Kovak’s experiences are mirrored by countless individuals in our late modern period. As just one example, a recent story in THE NEW YORKER on Guillermo del Toro included a telling paragraph which echoed similar sentiments in a National Public Radio interview of the past in which the gifted film director described his atheism as a result of his experiences with the corpses of young children in his native Mexico. In his view, no human beings can have souls, and no God can exist if even these innocents are tossed out like garbage. In other interviews with del Toro, we learn that other experiences played a part in his lack of faith, such as an overbearing religious grandmother, but the point is that the experiences of one of the greatest contemporary horror and dark fantasy film makers echoes the struggle of faith of Kovak in THE RITE. It is indeed difficult to believe in God, or in anything.
Yet here an unlikely source provides for positive religious inspiration. It is through his battles with evil personal entities – which he comes to believe are supernatural – that Kovak comes to accept the existence of the Devil. And as mentioned previously, if the Devil exists, it is argued, then in light of the Judeo-Christian tradition, then God must exist as well. Of course, there are other possible explanations, even if possession is granted as a legitimate phenomenon. After all, anthropologists have described possession across a variety of cultures and religious traditions. But it is interesting that in our skeptical age, the Devil is construed as a proof of God’s existence.
It remains to be seen how much longer Satan will be given a starring role at the box office. We have been fascinated with him for years in literature and cinema, as well as in religion and culture. Perhaps the moral ambiguity of our times – ever increasing since THE EXORCIST burst on the screen at a previous time of social upheaval and sent viewers vomiting from the theaters – demands the ultimate villain. By pointing beyond ourselves to an external and supernatural source of evil we can exorcise not only our individual but also our societal demons as well, and come to embrace faith, in something.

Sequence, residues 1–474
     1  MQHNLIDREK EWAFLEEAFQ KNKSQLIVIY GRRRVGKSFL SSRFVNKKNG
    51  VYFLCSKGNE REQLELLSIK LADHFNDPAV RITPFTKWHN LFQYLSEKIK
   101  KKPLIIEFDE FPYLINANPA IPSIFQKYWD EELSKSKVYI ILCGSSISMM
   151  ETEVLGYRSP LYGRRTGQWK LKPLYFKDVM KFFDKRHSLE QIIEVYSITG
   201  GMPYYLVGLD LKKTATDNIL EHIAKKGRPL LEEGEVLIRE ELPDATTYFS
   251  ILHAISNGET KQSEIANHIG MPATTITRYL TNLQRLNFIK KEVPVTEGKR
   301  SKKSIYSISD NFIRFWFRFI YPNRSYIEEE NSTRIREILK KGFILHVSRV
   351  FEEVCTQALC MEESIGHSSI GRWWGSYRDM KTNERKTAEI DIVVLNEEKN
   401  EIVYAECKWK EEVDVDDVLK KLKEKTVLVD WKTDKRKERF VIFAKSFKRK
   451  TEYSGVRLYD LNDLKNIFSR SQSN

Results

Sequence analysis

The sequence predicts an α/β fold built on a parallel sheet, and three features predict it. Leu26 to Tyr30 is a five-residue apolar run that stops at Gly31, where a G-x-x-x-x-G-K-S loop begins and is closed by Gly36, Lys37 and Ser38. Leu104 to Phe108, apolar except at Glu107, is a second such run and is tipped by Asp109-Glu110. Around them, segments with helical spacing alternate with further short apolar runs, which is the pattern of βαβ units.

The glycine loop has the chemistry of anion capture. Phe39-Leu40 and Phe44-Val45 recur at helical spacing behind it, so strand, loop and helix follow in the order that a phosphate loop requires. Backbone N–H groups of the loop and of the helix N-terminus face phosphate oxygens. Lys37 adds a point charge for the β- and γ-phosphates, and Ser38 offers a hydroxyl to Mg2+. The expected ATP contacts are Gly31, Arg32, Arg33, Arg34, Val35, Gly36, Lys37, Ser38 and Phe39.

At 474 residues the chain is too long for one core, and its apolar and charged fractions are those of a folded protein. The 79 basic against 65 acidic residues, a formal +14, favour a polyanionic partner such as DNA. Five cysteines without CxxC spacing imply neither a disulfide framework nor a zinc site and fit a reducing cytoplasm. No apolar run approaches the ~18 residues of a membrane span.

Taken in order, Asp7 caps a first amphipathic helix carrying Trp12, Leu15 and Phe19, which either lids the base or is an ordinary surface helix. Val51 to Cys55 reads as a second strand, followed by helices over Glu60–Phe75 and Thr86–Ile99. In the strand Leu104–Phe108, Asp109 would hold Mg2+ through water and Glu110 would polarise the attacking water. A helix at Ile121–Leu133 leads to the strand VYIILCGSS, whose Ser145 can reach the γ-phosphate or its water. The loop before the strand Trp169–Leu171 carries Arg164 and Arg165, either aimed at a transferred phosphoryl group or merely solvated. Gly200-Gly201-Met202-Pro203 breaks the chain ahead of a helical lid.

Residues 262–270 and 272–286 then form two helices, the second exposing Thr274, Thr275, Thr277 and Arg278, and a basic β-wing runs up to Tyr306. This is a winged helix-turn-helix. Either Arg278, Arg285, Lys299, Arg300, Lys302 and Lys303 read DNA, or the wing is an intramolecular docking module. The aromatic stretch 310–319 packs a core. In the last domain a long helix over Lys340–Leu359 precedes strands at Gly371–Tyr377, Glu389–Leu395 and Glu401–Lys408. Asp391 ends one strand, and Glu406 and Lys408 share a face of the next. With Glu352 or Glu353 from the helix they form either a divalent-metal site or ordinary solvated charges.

Music in the Horror Film: An Interview with Neil Lerner

Click the podcast button to hear Tocatta and Fugue in D Minor, performed by Frederich Magle, courtesy of Magle International Music Forums.

I come from a generation of fantastic film fans who wanted a greater depth of knowledge about the films we loved. This moved beyond knowing who the actors and even the directors were. We knew about the special effects technicians, the make up artists, the matte painters, the model makers, stop-motion animators, and even who composed the scores. Some of my favorites included Bernard Herrmann, James Bernard, Jerry Goldsmith, and of course John Williams.
A few moments reflection on the movie going experience, especially in regards to the horror genre, reveals how important music is. Some of the more noteworthy examples are the shower scene in PSYCHO, the main theme for JAWS, and the memorable music for John Carpenter’s HALLOWEEN. Unfortunately, while the images of horror have been the focus of much critical and academic discussion, little attention has been paid to the music. Addressing this deficit, Neil Lerner has edited the book Music in the Horror Film: Listening to Fear (Routledge, 2010). Lerner is Professor of Music at Davidson College, where he teaches courses in music as well as film and media studies. His work on film music has been published in numerous journals, essay collections, and encyclopedias. Lerner discusses horror film music in this special interview for Cinefantastique Online.
John Morehead: Neil, thank you for being willing to discuss your book here. Can you begin by sharing a little of your background in music, and why, on a personal level, you chose horror as the genre of film for analysis in terms of music’s significance and impact?
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Neil Lerner: First of all, I want to you thank you and Cinefantastique for your interest in this work. As a longtime fan of Cinefantastique, it’s a great honor to get to discuss these things with you.